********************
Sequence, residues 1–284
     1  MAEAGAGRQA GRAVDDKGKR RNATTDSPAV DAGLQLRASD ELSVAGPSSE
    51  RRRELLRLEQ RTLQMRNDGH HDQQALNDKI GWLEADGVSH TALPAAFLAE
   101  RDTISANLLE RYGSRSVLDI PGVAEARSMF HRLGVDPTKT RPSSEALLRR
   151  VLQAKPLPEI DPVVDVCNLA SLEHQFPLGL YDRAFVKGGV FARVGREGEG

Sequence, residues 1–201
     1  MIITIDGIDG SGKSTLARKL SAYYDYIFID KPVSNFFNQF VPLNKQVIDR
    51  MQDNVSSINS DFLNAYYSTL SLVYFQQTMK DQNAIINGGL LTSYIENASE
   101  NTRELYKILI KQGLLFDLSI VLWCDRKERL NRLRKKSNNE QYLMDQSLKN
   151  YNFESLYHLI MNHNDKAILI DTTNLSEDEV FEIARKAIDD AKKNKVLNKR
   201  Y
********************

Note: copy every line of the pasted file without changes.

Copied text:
Sequence, residues 1–284
     1  MAEAGAGRQA GRAVDDKGKR RNATTDSPAV DAGLQLRASD ELSVAGPSSE
    51  RRRELLRLEQ RTLQMRNDGH HDQQALNDKI GWLEADGVSH TALPAAFLAE
   101  RDTISANLLE RYGSRSVLDI PGVAEARSMF HRLGVDPTKT RPSSEALLRR
   151  VLQAKPLPEI DPVVDVCNLA SLEHQFPLGL YDRAFVKGGV FARVGREGEG

Sequence, residues 1–201
     1  MIITIDGIDG SGKSTLARKL SAYYDYIFID KPVSNFFNQF VPLNKQVIDR
    51  MQDNVSSINS DFLNAYYSTL SLVYFQQTMK DQNAIINGGL LTSYIENASE
   101  NTRELYKILI KQGLLFDLSI VLWCDRKERL NRLRKKSNNE QYLMDQSLKN
   151  YNFESLYHLI MNHNDKAILI DTTNLSEDEV FEIARKAIDD AKKNKVLNKR
   201  Y